April 9, 2008
Safari Club International: Frequently Asked Questions
What is Safari Club International?
SCI is an international organization catering to the interests of trophy hunters. Though SCI claims to be filled with conservationists, its members are primarily interested in killing the most and the biggest animals to mount as trophies, become listed in SCI record books, and win awards.
When was SCI founded?
SCI was founded in 1973 and is headquartered in Tucson, Ariz.
Who founded SCI?
SCI was founded by trophy hunter C.J. McElroy, who claimed to be the greatest trophy hunter in the world. McElroy hunted in nearly fifty countries, on six continents. He killed nearly 400 trophy animals that appear in SCI's record book, including animals who are now endangered and can no longer be hunted.
McElroy was forced to resign in 1988. Bill Quimby, a past President of SCI, writes in his book "Safari Club International" that there were rumors among hunters that McElroy "ignored hunting laws," that McElroy was even accused of killing a Rocky Mountain bighorn ram in a national park, and that his "ideas of sportsmanship and ethics simply were different from those of hunters who came along later."
What does SCI do?
SCI mainly lobbies for the right to hunt as many species as possible, regardless of their endangered status, and seeks to roll back protections of many protected species.
SCI's so-called humanitarian and conservation-minded projects serve as attempts to whitewash their image.
Do all hunters support SCI?
No. Most don't favor killing animals, particularly rare and endangered species, strictly to be used as a trophy.
Others oppose killing animals within fenced enclosures. The Boone and Crockett Club and the Pope and Young Club refuse to allow animals shot on captive hunts to be included in their record books. But thousands of animals in SCI's record books were shot on captive hunts.
Is SCI composed of your "average" hunter?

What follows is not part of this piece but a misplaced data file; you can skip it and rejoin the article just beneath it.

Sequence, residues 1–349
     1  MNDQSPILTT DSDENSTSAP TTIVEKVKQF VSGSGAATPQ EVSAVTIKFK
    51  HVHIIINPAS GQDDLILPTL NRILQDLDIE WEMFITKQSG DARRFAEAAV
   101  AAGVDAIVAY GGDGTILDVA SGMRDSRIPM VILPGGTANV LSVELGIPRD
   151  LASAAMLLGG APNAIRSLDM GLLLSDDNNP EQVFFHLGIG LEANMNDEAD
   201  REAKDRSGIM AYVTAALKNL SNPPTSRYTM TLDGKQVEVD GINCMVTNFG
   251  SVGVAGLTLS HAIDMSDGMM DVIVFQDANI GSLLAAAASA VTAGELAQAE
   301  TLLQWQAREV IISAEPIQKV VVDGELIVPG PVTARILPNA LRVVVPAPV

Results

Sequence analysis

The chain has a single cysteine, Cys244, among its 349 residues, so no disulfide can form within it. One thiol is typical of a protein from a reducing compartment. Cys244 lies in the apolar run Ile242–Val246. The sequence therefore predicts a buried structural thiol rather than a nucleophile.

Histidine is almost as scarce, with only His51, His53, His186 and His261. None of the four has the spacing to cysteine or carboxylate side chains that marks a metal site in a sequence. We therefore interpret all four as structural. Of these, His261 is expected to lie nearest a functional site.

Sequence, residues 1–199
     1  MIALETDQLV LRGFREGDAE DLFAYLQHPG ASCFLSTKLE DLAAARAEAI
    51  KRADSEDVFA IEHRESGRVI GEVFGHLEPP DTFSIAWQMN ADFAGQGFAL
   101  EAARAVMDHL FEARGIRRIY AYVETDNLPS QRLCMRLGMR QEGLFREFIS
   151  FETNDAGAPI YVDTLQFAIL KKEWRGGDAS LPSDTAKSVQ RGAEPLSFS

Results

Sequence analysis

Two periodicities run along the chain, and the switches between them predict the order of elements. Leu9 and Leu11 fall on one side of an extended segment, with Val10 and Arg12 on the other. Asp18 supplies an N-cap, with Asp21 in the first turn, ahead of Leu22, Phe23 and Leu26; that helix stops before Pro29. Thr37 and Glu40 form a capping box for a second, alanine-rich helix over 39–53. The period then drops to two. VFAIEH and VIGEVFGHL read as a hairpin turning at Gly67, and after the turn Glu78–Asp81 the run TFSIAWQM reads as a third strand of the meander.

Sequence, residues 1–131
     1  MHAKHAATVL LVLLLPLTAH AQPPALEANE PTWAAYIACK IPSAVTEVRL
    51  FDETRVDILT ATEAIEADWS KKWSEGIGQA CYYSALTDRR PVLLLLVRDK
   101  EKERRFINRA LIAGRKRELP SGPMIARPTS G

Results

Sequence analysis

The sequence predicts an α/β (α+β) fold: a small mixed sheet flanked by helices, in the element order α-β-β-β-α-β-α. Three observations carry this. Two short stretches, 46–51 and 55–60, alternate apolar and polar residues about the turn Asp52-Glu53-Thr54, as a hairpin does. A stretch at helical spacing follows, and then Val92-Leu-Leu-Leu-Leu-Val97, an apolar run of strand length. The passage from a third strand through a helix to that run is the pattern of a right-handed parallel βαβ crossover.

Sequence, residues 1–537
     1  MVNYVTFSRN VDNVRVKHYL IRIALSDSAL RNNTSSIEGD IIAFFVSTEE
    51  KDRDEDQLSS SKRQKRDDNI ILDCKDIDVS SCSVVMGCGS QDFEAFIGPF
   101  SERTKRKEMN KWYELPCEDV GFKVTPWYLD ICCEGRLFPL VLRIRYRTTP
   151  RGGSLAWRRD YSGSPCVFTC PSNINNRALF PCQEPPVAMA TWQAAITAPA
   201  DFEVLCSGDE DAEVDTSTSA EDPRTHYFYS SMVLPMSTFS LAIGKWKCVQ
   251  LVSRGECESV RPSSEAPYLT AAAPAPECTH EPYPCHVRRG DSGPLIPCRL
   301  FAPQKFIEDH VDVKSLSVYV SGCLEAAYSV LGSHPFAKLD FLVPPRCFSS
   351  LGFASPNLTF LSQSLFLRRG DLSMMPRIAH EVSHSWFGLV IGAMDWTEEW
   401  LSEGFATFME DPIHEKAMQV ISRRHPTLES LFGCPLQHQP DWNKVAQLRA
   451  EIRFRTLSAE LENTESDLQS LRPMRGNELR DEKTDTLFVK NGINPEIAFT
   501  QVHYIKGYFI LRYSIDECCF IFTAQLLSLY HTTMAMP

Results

No. The average SCI member boasts an annual income of more than $100,000—only six percent of hunters make this much money—and owns 11 rifles, six shotguns, five handguns and a bow. Two thirds of SCI members spend more than a month hunting each year and a quarter of members spend more than 50 days hunting.
SCI ignores the concept of "fair chase" that many traditional hunters believe in.
What is the SCI record book of trophy animals?
SCI scores animals based on the size of their antlers, horns, tusks or skull. Their record books enable members to brag to the rest of the trophy hunting community that they killed the most and the biggest animals.
Does SCI allow animals shot in captive hunts to be included in its trophy record books?
Yes. SCI allows fenced animals shot on hunting ranches to be listed.
Some hunting groups, including the Boone & Crockett Club and the Pope & Young Club, refuse to allow animals shot on captive hunts to be included in their record books.
Does SCI allow endangered species to be included in its trophy record book?
Yes. SCI allows endangered species to be included in its record book, including the addax, African cheetah, African leopard and black rhinoceros.
Does SCI reward hunters for killing trophy animals?
Yes. Hunters compete to kill the largest animals, or those with the biggest horns or antlers.
Most awards are centered around killing a particular set of animals. For example, shooting five of 12 record-class bears makes the member eligible for the "Bears of the World" award, or 79 record-class African species means eligibility for the "Trophy Animals of Africa" award at the diamond level.
Awards are presented with great fanfare at SCI's annual convention where the hunters receive elaborate trophies.
Why does SCI lobby to remove animals from the "threatened" or "endangered" lists under the ESA?
SCI seems to believe that threatened and endangered species receive far too much protection and, in a twisted bit of logic, they believe they can conserve animals by killing them.
In 1979, SCI sought permission to kill and import more than 1,000 endangered African animals for trophies. Their request was denied.
SCI lobbied to ensure that the African elephant was listed as "threatened" instead of "endangered" so that the animal could be hunted. SCI also helped relax protections that were granted to the:
- white rhino
- mountain zebra
- red, black and Kafue lechwe
- African leopard
- argali sheep
- African lion
- grizzly bear
SCI even went to court in support of hunting endangered antelope species on captive hunts and sued the U.S. Fish and Wildlife Service, demanding that several species be reclassified.
Updated June 10, 2011